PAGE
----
Friday Fable. Aesop’s “THE OLD DOG AND HIS MASTER”*

Posted by jlubans on October 11, 2013

Caption: “The Old Hound” taken to task. By Francis Barlow in his 
Aesop's Fables…. 
London: 1666.
“There was a dog who had been swift and strong when attacking all kinds of wild beasts, never failing to do what his master wanted, but now he found himself beginning to grow feeble under the burden of old age. On one occasion he was sent forward to fight with a bristling boar. The dog seized the boar by the ear, but the weak grip of his decaying teeth allowed the quarry to get away. The hunter was angry and scolded the dog. The stalwart old hound said to the man in reply, 'I did not fail you in spirit, only in strength. Praise me for what I once was, even if you must condemn me for what I am now!’....”

And, so it can be in the workplace for the plateued manager, especially for someone who has been bold and innovative and a help in transforming an organization – in other words, a worker who has contributed a great deal to the organization’s well being.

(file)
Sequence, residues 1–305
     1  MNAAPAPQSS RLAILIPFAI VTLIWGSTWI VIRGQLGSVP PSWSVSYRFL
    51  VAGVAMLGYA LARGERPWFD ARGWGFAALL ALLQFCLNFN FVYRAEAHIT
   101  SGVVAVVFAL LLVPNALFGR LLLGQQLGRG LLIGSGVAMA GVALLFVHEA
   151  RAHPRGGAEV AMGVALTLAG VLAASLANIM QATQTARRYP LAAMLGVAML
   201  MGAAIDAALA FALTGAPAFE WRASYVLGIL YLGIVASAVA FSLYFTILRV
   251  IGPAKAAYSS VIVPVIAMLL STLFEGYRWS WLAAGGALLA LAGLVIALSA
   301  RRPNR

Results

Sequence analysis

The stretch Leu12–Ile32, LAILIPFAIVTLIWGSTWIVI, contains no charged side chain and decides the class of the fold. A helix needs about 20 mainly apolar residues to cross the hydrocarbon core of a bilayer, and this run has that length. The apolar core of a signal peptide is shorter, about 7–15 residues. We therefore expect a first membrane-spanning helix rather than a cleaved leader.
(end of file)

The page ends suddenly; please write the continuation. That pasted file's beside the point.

A bad boss might suffer, like the hunter in the picture, from the “recency error”. That’s the tendency for minor recent events – like the manager’s doldrums - to have more influence on one’s perspective than the many positive events in a long career. It may well be time to have that “difficult conversation” with the manager. By difficult, I don’t mean, “Sorry, old timer, we don’t need you anymore. You’re gone!” That’s the cowardly way out for a petty boss.
By difficult conversation I mean spending a few hours listening and talking in private about options and ambitions. What is the formerly innovative manager seeking? What’s causing the doldrums? What’s hindering her performance? How might her skills be put to good use in other ways? What can the organization offer with a dignity commensurate with the worker’s commitment to the organization?

The angry hunter should lay down his stick and think about the dog’s many good qualities. Perhaps it is time for the hunting dog to become an unchained watchdog, training, by example, the new pups.

*Source: Aesop's Fables. A new translation by Laura Gibbs. Oxford University Press (World's Classics): Oxford, 2002.

Leading from the Middle Library of the Week: Higher Colleges of Technology – UAE
If your library does not have a copy, recommend it today. Click here.

Copyright John Lubans 2013

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